Cajun History

Chita: A Memory of Last Island – 1.VI

 

“Chita:  A Memory of Last Island:  A Novelete” by Lafcadio Hearn
Originally published April 1888 in Harper’s New Monthly Magazine

 

 

Last Island, located in the Gulf of Mexico south of Dulac, Louisiana, was a popular resort for rich Southerners in the 1800s.
The Last Island Village included a resort hotel, several gambling establishments, and approximately one hundred houses.   In the Fall of 1856, a hurricane hit Last Island—not a building was left standing and over 200 people died in the storm.  Last Island and the hurricane are described in Lafcadio Hearn’s novella, Chita: A Memory of Last Island.

 

I. — THE LEGEND OF L’ILE DERNIÈRE

VI.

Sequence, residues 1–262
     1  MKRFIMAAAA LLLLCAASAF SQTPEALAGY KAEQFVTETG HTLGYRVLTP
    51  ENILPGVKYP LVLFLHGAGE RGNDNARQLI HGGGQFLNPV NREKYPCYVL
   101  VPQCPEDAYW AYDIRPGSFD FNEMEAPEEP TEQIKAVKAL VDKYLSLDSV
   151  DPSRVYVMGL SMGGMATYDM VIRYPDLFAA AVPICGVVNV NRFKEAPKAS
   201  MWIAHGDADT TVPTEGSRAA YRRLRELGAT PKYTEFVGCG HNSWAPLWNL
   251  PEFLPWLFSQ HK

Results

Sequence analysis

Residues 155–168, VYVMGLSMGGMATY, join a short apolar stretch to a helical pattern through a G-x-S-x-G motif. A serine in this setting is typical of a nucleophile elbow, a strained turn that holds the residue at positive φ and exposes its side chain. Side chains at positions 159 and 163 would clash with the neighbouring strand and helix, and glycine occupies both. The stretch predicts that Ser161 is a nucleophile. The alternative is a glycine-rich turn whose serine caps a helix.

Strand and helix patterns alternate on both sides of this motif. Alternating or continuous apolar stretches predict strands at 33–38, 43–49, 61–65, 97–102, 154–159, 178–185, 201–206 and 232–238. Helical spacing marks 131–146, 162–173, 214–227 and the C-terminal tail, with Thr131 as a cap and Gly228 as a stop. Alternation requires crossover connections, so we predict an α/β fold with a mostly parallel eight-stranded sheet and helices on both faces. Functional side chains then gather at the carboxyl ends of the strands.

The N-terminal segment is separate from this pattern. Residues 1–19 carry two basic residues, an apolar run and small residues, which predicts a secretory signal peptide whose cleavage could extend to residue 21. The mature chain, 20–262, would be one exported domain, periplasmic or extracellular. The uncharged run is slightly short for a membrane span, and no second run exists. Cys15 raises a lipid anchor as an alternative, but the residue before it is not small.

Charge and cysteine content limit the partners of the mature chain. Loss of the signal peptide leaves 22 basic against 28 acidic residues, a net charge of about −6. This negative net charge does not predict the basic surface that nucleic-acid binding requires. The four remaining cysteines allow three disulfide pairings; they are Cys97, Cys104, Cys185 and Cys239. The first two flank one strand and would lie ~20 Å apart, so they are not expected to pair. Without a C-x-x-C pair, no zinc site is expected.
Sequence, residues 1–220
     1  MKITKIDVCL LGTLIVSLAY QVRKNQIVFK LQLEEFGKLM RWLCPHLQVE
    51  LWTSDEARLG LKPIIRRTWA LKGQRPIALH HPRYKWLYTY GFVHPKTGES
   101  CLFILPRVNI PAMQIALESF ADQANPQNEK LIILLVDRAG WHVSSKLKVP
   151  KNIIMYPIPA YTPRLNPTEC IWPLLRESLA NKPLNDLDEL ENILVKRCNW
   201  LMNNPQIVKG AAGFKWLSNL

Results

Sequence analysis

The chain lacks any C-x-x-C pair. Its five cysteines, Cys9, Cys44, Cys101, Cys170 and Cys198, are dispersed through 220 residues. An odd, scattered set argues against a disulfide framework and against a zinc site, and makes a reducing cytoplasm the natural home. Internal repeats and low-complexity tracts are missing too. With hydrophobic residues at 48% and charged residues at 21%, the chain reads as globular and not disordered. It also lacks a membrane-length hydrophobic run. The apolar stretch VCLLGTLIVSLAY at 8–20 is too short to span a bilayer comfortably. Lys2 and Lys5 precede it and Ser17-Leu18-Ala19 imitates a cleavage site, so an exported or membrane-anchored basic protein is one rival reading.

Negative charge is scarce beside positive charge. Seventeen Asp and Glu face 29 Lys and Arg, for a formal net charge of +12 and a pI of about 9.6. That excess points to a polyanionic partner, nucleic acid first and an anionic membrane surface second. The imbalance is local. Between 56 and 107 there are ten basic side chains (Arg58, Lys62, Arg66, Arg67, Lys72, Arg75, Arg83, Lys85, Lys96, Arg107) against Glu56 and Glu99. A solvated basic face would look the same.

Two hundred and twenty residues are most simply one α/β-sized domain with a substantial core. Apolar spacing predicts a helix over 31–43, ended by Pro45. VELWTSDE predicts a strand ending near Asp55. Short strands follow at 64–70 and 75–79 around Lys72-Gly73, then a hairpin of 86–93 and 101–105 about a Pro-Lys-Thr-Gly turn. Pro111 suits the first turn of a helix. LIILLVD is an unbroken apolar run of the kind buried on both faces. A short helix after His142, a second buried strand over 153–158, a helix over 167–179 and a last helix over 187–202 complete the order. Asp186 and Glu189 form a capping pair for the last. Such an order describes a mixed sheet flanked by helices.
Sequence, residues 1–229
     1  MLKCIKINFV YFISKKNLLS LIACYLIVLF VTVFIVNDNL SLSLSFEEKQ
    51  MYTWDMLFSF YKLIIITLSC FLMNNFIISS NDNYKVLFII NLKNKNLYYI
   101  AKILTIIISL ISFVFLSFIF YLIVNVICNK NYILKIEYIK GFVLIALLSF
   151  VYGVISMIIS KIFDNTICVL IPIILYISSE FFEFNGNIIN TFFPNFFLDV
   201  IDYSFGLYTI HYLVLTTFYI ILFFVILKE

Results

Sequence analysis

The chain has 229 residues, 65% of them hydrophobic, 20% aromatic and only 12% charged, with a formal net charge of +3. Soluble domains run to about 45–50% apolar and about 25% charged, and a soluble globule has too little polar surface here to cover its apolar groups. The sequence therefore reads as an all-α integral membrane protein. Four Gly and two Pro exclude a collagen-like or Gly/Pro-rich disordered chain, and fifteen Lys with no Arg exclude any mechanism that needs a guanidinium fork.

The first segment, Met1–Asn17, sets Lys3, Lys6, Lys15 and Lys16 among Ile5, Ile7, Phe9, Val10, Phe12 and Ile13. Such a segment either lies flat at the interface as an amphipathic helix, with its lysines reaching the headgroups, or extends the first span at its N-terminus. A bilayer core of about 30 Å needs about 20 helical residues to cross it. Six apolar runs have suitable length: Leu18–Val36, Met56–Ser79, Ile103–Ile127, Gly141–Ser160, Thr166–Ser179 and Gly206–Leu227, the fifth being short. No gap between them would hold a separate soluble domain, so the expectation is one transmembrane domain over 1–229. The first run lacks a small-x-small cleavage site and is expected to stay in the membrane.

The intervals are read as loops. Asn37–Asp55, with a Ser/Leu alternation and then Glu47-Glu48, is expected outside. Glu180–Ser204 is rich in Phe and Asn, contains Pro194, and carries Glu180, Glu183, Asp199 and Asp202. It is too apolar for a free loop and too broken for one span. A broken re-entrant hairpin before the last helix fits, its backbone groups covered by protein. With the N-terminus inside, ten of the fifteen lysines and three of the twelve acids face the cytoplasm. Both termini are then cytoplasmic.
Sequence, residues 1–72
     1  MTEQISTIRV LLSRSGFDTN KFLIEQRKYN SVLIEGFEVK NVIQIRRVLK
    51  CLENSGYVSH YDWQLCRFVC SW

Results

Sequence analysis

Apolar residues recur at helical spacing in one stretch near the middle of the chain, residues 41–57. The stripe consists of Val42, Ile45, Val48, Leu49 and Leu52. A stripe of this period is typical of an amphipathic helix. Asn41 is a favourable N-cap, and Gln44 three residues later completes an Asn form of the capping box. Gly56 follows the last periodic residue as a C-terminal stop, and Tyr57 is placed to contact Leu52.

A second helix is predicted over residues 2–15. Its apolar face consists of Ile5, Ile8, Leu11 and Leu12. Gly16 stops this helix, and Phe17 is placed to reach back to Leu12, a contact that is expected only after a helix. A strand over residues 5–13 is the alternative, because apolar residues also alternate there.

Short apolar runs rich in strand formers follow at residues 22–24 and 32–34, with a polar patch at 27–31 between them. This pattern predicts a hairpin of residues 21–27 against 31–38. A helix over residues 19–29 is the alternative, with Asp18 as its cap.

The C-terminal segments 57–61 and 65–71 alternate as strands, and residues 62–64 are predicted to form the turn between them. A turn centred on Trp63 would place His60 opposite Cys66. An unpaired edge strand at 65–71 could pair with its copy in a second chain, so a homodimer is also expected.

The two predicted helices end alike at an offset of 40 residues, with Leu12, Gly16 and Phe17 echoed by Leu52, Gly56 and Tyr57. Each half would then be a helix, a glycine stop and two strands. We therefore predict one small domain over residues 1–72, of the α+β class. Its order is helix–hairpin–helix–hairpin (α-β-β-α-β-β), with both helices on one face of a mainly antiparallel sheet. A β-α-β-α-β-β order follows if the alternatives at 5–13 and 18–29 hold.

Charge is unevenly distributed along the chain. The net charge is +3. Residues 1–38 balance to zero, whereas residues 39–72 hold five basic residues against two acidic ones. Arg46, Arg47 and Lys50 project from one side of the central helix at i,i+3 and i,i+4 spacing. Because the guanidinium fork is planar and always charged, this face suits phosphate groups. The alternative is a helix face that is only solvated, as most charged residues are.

. . . . Almost every evening throughout the season there had been dancing in the great hall;—there was dancing that night also. The population of the hotel had been augmented by the advent of families from other parts of the island, who found their summer cottages insecure places of shelter: there were nearly four hundred guests assembled. Perhaps it was for this reason that the entertainment had been prepared upon a grander plan than usual,—that it assumed the form of a fashionable ball. And all those pleasure-seekers,—representing the wealth and beauty of the Creole parishes,—whether from Ascension or Assumption, St. Mary’s or St. Landry’s, Iberville or Terrebonne, whether inhabitants of the multi-colored and many-balconied Creole quarter of the quaint metropolis, or dwellers in the dreamy paradises of the Teche,—mingled joyously, knowing each other, feeling in some sort akin—whether affiliated by blood, connaturalized by caste, or simply interassociated by traditional sympathies of class sentiment and class interest. Perhaps in the more than ordinary merriment of that evening something of nervous exaltation might have been discerned,—something like a feverish resolve to oppose apprehension with gayety, to combat uneasiness by diversion. But the hours passed in mirthfulness; the first general feeling of depression began to weigh less and less upon the guests; they had found reason to confide in the solidity of the massive building; there were no positive terrors, no outspoken fears; and the new conviction of all had found expression in the words of the host himself,—”Il n’y a rien de mieux a faire que de s’amuser!” Of what avail to lament the prospective devastation of cane-fields,—to discuss the possible ruin of crops? Better to seek solace in choregraphic harmonies, in the rhythm of gracious motion and of perfect melody, than hearken to the discords of the wild orchestra of storms;—wiser to admire the grace of Parisian toilets, the eddy of trailing robes with its fairy-foam of lace, the ivorine loveliness of glossy shoulders and jewelled throats, the glimmering of satin-slippered feet,—than to watch the foaming of the flood without, or the flying of the wrack . . . .